HAL breaking the vertical limit

State owned Hindustan Aeronautics (HAL) can now manufacture 16 fighter aircraft a year. And it is in a position to further enhance the rate of production up to 30 aircraft per annum for any additional operational requirements. It is also gearing up to manufacture for the international market as there is demand from many countries. The current pace of LCA production is as per the IAF’s roadmap for the aircraft. As and when required, the capacity could be enhanced further.

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The company has designed and developed the Light Utility Helicopter (LUH) as a replacement helicopter for Cheetah/Chetak helicopters. The Initial Operational Clearance (IOC) was issued in February 2021 by the IAF and Army. Production of LUH has commenced, and the first of these was already produced in August 2022. The strength of HAL in helicopters is reflected by more than 200 IPs (patents, designs, etc.), which HAL has filed in the process of designing and developing these helicopters. The flexibility available with design means that HAL can meet users’ customised needs.

Noted Indian aerospace and defence analyst Girish Linganna highlighted that “yet another one of HAL’s famous fighters- the Light Combat Aircraft (LCA) Tejas- has also been showing a stellar performance. Fitted with the indigenous Uttam AESA radar, it is giving strong competition to South Korea’s FA-50 fighter jet in the Royal Malaysian Air Force’s tender for acquiring LCA.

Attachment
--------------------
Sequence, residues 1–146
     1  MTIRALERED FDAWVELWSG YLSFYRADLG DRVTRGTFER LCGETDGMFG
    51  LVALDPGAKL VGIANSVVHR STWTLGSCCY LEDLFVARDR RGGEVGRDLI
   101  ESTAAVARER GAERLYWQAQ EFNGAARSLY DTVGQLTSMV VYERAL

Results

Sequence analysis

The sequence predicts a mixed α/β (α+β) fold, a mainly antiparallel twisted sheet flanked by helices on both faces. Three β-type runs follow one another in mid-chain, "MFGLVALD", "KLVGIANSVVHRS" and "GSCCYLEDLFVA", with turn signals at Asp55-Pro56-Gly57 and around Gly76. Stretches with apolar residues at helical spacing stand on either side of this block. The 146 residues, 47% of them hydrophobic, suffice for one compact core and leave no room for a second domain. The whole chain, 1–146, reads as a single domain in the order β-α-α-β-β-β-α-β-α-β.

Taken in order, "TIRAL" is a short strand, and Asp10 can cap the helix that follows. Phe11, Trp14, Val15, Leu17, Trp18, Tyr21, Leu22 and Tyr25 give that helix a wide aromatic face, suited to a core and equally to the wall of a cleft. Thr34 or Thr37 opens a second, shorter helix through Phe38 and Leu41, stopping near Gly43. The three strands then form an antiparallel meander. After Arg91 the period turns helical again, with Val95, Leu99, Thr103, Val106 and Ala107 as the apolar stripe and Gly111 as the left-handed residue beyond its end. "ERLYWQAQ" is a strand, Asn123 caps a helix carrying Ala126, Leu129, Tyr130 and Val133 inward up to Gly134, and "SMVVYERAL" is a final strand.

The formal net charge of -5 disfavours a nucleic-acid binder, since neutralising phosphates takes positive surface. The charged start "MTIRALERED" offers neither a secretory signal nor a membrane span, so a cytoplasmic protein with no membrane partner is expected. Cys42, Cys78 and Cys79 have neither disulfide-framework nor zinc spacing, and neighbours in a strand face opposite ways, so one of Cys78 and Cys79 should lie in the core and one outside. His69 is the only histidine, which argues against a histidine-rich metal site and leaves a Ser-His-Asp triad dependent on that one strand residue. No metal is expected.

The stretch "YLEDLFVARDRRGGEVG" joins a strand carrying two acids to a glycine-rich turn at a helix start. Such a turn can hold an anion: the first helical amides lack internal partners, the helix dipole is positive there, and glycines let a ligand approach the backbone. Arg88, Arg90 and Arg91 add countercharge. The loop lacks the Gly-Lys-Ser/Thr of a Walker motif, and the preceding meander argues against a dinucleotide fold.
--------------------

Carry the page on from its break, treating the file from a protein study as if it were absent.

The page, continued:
The superiority of Tejas is visible not just in its sophisticated radar (compared to FA-50’s mechanical radar) and ability to integrate the lethal BrahMos Air-to-Air missiles which its competitor cannot, but also in the strong backing provided by the Indian industry and government.” He opined that this is a critical example of the strides Make in India initiative has made in the defence sector.

The new Make in India initiative in defence as part of the Atmanirbhar Bharat campaign is particularly strong in design. In fact, because of the indigenous technology development efforts, more than 2500 patent applications have been in the last few years, compared to previous years. In continuation of these efforts, it has now been decided to enhance industry-led design and development with 25 percent of the Defence R&D budget allocated to them.

While the Indian armed forces are now sourcing their requirements heavily from domestic sources, wherever the domestic capability does not exist, an effort is made to get the global OEM to manufacture the platform/equipment in India. An example is a recent decision to manufacture C-295 planes in India, collaborating with Airbus and Tata. Moreover, if economic viability for such production does not exist, the government also considers importing essential equipment from foreign OEMs. However, due to the growing defence industry ecosystem, such a situation has shown a progressively downward trend.